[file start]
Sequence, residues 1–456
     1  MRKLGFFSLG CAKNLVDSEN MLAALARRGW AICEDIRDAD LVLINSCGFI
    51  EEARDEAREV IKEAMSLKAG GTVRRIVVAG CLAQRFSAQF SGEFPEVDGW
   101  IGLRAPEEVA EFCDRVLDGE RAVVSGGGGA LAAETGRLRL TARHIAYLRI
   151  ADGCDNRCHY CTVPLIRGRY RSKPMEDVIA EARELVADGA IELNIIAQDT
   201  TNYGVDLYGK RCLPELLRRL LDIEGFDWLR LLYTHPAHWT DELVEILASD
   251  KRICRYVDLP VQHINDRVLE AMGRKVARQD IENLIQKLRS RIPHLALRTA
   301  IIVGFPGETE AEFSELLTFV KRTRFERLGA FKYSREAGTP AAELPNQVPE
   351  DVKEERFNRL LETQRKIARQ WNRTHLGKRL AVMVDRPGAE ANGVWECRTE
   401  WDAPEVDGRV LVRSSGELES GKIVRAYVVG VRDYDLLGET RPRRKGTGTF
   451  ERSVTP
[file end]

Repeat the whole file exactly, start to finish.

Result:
Sequence, residues 1–456
     1  MRKLGFFSLG CAKNLVDSEN MLAALARRGW AICEDIRDAD LVLINSCGFI
    51  EEARDEAREV IKEAMSLKAG GTVRRIVVAG CLAQRFSAQF SGEFPEVDGW
   101  IGLRAPEEVA EFCDRVLDGE RAVVSGGGGA LAAETGRLRL TARHIAYLRI
   151  ADGCDNRCHY CTVPLIRGRY RSKPMEDVIA EARELVADGA IELNIIAQDT
   201  TNYGVDLYGK RCLPELLRRL LDIEGFDWLR LLYTHPAHWT DELVEILASD
   251  KRICRYVDLP VQHINDRVLE AMGRKVARQD IENLIQKLRS RIPHLALRTA
   301  IIVGFPGETE AEFSELLTFV KRTRFERLGA FKYSREAGTP AAELPNQVPE
   351  DVKEERFNRL LETQRKIARQ WNRTHLGKRL AVMVDRPGAE ANGVWECRTE
   401  WDAPEVDGRV LVRSSGELES GKIVRAYVVG VRDYDLLGET RPRRKGTGTF
   451  ERSVTP